When it comes to launching or redesigning your church website there are so many incredible options available. If you’ve got plenty of design experience, you may create your website from scratch. If you have no design experience whatsoever there are multiple companies that specialize in church websites that are not only easy to design but simple to setup and maintain. If you’re looking for an option that’s somewhere in between, many churches have used a wordpress.org site with amazing results.
It’s easy to get caught up in the aesthetics of your website but the most important part of having a website is that it’s easy to access, view, and navigate. Having too little, or too much, information on your website can be a major distraction. So, where’s that balance? What does your website really need to give visitors the information they need? I’m glad you’re here, because I hope to answer all of those questions for you.
So, before your site goes live, make sure you’ve checked off these 6 Church Website Essentials to ensure your page is ready for the real world-wide-web.
Usually, if I’m looking for a website my iPhone is the most convenient way to do so and I’m not alone. Because we carry the internet in our pockets we no longer have to wait until we’re behind a computer screen to get the information we’re looking for.
There’s an awesome article on Smart Insights called “Mobile Marketing Statistics Compilation” with information from multiple data sources about mobile versus desktop internet use, horizontal web view versus vertical web view on mobile devices, and a ton of other awesome statistics that are worth checking out. This doesn’t discount the necessity for a desktop friendly site, in fact if you read the article the statistics show a very clear case for both desktop and mobile friendly websites.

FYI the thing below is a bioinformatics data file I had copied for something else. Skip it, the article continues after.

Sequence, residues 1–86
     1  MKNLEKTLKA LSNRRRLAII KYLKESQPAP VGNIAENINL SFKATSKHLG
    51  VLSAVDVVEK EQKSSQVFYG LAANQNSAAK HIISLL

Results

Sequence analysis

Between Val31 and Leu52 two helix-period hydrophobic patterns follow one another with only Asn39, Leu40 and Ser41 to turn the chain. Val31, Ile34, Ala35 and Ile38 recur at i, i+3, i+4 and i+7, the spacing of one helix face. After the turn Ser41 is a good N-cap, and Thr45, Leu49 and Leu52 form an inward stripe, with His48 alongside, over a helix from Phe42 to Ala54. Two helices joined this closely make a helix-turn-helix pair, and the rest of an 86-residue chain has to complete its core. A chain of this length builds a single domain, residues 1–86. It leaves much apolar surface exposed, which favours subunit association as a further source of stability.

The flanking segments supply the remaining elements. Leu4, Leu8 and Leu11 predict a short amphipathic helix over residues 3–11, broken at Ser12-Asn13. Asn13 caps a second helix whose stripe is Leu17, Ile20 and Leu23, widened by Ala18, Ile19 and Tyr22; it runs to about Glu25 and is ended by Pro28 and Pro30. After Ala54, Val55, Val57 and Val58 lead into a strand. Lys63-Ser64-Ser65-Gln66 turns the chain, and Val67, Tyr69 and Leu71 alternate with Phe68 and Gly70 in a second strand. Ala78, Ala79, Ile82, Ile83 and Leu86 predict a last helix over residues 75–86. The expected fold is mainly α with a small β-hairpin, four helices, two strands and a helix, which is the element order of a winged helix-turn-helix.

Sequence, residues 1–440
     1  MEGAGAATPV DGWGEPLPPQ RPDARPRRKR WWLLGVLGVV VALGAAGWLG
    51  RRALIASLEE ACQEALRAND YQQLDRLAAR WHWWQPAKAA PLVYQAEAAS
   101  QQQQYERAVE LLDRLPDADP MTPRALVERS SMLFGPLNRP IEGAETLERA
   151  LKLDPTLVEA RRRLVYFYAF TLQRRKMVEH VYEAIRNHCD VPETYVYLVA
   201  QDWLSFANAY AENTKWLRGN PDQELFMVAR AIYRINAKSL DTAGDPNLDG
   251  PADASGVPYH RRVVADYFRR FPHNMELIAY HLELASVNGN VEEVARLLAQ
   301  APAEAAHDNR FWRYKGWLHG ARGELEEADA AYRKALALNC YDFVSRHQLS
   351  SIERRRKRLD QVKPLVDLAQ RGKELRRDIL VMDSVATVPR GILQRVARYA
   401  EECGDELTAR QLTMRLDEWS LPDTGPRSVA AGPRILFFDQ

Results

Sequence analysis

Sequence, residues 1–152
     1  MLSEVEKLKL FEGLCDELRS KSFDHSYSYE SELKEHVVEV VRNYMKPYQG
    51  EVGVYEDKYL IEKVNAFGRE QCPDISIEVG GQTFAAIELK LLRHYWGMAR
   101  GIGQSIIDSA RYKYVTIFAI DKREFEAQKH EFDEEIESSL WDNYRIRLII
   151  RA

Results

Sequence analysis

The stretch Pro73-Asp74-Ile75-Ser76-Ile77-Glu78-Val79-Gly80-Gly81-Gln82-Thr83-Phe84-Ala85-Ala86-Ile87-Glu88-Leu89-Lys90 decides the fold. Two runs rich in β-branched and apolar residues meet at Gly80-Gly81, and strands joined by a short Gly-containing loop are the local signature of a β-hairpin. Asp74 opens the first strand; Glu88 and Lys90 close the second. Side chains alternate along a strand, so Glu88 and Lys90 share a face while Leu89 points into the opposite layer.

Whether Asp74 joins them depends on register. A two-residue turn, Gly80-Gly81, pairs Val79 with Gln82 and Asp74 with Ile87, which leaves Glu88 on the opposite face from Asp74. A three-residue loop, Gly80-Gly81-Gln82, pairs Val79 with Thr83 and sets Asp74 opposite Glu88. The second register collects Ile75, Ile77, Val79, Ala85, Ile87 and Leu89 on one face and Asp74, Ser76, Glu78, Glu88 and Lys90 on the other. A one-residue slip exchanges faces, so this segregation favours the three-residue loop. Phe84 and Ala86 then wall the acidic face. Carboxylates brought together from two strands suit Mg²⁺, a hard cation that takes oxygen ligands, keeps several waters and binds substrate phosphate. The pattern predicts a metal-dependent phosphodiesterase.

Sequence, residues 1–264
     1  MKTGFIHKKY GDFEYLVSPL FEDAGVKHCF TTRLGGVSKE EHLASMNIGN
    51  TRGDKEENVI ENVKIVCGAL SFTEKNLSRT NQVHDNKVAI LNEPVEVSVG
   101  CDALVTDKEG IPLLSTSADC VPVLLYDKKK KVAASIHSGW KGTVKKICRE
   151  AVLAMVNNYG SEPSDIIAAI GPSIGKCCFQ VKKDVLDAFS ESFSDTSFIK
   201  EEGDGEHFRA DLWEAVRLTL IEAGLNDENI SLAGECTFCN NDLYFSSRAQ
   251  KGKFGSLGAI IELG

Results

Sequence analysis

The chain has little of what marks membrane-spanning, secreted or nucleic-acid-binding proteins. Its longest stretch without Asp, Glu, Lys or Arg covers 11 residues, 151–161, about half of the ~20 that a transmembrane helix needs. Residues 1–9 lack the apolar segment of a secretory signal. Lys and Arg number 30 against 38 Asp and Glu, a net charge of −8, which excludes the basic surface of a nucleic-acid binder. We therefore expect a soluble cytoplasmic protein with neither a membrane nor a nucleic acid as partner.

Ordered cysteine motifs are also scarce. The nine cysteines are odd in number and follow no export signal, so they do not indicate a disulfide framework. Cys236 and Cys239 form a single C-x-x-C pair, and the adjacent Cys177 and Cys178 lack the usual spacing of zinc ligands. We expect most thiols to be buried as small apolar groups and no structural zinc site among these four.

If you’re building your website from scratch this may be something you’ll need to be careful about. Even certain WordPress themes can be a bit of a hassle to use if they aren’t setup to be used on a mobile device so keep that in mind when choosing a theme. However, options like Clover Sites and Share Faith are setup for optimal use in most mobile browsers but it’s always a good idea to look over your website from a smart phone and a tablet to see the layout in both vertical and horizontal view before making the big announcement.
There are tons of articles online about the many methods you can use to optimize your website for a faster load speed but I wan’t to give you a few options that are easy to implement.
- Reduce the number of unnecessary images on your website.
- Unless it’s for a large webpage header, make sure the images you do choose to keep are a maximum of 400 KB.
- Keep the content of each page to a minimum. Provide the necessary information for each page, but don’t add excessive information, embedded videos, and images that aren’t crucial.
Tony Haile, CEO of Chartbeat, released a fascinating article on Time.com called “What You Think You Know About the Web is Wrong”. He outlines four major web myths and discusses how a website has about 15 seconds to capture the viewer. So, what if your website takes an average of 10 seconds to load? That only gives someone five seconds to browse your home page, if they’ve held out that long.